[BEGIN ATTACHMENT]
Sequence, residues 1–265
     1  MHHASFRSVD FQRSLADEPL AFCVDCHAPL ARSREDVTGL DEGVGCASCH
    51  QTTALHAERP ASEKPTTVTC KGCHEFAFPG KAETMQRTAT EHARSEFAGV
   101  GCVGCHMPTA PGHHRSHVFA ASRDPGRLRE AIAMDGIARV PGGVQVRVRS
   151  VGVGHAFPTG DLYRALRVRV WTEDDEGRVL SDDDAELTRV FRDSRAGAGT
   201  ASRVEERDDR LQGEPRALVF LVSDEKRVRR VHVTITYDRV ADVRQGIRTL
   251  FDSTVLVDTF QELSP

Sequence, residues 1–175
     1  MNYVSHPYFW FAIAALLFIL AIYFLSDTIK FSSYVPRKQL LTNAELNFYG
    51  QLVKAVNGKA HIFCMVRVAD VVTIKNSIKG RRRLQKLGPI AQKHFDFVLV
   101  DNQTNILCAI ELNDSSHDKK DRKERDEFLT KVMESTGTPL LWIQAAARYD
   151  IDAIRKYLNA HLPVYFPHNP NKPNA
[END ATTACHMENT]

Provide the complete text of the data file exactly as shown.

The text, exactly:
Sequence, residues 1–265
     1  MHHASFRSVD FQRSLADEPL AFCVDCHAPL ARSREDVTGL DEGVGCASCH
    51  QTTALHAERP ASEKPTTVTC KGCHEFAFPG KAETMQRTAT EHARSEFAGV
   101  GCVGCHMPTA PGHHRSHVFA ASRDPGRLRE AIAMDGIARV PGGVQVRVRS
   151  VGVGHAFPTG DLYRALRVRV WTEDDEGRVL SDDDAELTRV FRDSRAGAGT
   201  ASRVEERDDR LQGEPRALVF LVSDEKRVRR VHVTITYDRV ADVRQGIRTL
   251  FDSTVLVDTF QELSP

Sequence, residues 1–175
     1  MNYVSHPYFW FAIAALLFIL AIYFLSDTIK FSSYVPRKQL LTNAELNFYG
    51  QLVKAVNGKA HIFCMVRVAD VVTIKNSIKG RRRLQKLGPI AQKHFDFVLV
   101  DNQTNILCAI ELNDSSHDKK DRKERDEFLT KVMESTGTPL LWIQAAARYD
   151  IDAIRKYLNA HLPVYFPHNP NKPNA